IDF

In The Army Now: Miami Twins Join The IDF

I’m posting this to show just how amazing it is when Jews pick up and move to Israel to join the Israeli military from all over the world.  People leave the comforts of their former homes and decide to immigrate to the Jewish Homeland, where they yearn to live free as Jews and have the honor to serve their people and their country.  It is something unparalleled in the world today, here is a wonderful story about two such girls who became IDF heroes!

 

 

 

FLASHBACK 2014:

Identical twin sisters Yarden and Rachel Paul move to Israel, enlist in the army through the Garin Tzabar program • Yarden: Our friends who are now in college don’t really understand why we decided to come to Israel and enlist. They think it’s dangerous.

Nine months ago, 19-year-old identical twin sisters Yarden and Rachel Paul made the decision to leave their comfortable lives in Miami, move to Israel and join the army.

They made the move with the Garin Tzabar program, a joint initiative of the kibbutz movement, the Israeli Scouts and the Immigrant Absorption Ministry. Before being drafted into the Israel Defense Forces, the twins lived at Kibbutz Magen near the Gaza Strip.

After being drafted, they took intensive Hebrew lessons at the Mikveh Alon military base, and on Tuesday, they began a course to become education NCOs at an Education Corps base in central Israel.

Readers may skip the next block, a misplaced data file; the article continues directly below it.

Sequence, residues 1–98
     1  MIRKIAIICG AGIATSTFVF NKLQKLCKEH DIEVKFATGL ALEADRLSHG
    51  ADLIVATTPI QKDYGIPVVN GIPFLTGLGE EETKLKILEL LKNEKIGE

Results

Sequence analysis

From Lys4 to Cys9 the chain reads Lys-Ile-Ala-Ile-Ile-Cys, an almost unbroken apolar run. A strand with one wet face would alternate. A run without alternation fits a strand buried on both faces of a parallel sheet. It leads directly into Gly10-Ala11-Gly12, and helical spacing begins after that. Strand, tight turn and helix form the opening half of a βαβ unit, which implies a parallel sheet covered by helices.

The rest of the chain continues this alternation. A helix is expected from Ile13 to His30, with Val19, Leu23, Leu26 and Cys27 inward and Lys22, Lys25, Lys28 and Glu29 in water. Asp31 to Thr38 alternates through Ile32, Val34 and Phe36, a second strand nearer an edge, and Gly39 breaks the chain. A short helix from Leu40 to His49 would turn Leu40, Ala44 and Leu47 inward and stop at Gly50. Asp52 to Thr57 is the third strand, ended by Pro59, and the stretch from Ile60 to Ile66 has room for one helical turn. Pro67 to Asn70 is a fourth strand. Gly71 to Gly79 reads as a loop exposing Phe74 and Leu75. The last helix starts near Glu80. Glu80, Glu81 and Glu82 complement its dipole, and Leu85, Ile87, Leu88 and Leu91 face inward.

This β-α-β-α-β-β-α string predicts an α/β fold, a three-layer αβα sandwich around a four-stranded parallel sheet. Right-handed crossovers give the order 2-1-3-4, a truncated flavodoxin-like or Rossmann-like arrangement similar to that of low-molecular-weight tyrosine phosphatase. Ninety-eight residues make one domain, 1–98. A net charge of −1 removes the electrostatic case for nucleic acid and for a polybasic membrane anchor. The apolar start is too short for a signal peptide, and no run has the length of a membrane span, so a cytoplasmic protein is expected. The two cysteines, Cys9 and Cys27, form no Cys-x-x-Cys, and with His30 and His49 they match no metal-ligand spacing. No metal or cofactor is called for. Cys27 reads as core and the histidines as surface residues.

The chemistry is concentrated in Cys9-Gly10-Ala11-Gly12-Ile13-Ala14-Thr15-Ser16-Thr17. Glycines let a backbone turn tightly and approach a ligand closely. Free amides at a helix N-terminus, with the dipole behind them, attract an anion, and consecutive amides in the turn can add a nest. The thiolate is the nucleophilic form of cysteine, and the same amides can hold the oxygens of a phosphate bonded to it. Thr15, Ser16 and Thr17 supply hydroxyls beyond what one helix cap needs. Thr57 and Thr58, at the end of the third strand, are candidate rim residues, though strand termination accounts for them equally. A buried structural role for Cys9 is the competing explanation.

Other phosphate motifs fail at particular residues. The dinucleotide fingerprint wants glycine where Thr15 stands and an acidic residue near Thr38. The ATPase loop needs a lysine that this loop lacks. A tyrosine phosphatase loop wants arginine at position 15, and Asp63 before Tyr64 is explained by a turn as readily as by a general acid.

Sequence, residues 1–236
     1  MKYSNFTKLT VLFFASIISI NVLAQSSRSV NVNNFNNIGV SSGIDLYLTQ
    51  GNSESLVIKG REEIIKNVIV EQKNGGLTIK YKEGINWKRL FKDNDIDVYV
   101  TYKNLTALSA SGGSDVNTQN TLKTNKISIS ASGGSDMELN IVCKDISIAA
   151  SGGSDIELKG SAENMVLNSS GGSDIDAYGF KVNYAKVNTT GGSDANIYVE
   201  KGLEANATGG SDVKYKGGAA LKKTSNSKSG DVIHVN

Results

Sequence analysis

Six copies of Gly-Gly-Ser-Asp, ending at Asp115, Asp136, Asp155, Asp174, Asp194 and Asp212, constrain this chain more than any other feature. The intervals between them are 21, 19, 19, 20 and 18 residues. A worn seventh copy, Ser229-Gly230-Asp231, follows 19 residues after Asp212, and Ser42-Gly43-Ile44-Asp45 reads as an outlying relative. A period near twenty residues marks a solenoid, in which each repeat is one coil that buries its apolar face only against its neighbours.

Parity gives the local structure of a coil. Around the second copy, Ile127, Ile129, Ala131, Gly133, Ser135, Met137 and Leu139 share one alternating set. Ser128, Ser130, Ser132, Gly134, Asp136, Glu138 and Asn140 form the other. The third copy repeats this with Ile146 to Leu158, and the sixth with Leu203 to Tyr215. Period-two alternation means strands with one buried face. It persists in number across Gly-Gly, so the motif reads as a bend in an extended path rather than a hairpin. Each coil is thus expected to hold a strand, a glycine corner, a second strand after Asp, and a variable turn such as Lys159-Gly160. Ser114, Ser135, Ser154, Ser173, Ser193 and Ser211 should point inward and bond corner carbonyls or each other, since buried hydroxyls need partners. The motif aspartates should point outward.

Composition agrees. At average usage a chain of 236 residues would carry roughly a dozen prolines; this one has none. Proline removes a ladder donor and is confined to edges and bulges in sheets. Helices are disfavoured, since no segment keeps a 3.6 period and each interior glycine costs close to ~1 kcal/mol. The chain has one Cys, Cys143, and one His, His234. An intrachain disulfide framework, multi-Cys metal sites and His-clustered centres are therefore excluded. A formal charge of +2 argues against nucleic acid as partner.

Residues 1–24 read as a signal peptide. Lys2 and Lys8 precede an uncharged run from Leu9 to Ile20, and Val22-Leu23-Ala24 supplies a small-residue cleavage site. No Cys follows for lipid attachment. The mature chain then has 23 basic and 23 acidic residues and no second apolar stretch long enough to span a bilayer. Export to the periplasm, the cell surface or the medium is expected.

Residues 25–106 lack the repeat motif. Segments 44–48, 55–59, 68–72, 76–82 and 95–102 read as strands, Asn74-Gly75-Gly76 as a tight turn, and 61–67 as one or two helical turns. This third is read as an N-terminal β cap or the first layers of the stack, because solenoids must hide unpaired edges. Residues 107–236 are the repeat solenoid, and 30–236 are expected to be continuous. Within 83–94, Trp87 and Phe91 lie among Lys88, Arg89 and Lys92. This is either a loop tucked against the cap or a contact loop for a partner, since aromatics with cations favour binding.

Rachel and Yarden, who are very motivated in beginning their new lives in Israel, say their parents initially had a difficult time with their decision to move, but that they were supportive nonetheless.

The twins comforted their family and friends who were concerned about their army service, new homes near Gaza, and reports of rockets falling in Israel. “We talk to our mother, who is very worried, all the time. If we don’t manage to talk to her for a few days because we don’t have time, she starts to think something happened,” Rachel said.

“We explain to her that there’s no need to worry, that there are bomb shelters and that it’s not as bad as it looks on T.V., but it doesn’t really calm her down,” she added. “Our friends think there’s a real war here.”

Yarden said, “Our friends who are now in college don’t really understand why we decided to come to Israel and enlist. They think it’s dangerous, but they don’t understand anything. … They think all that’s here is God and camels.”

The girls described their experience on the kibbutz as “incredible.” They are grateful for their adoptive families, the coordinators for lone soldiers, particularly the coordinator for lone soldiers on kibbutzim. (ISRAEL HAYOM)

 

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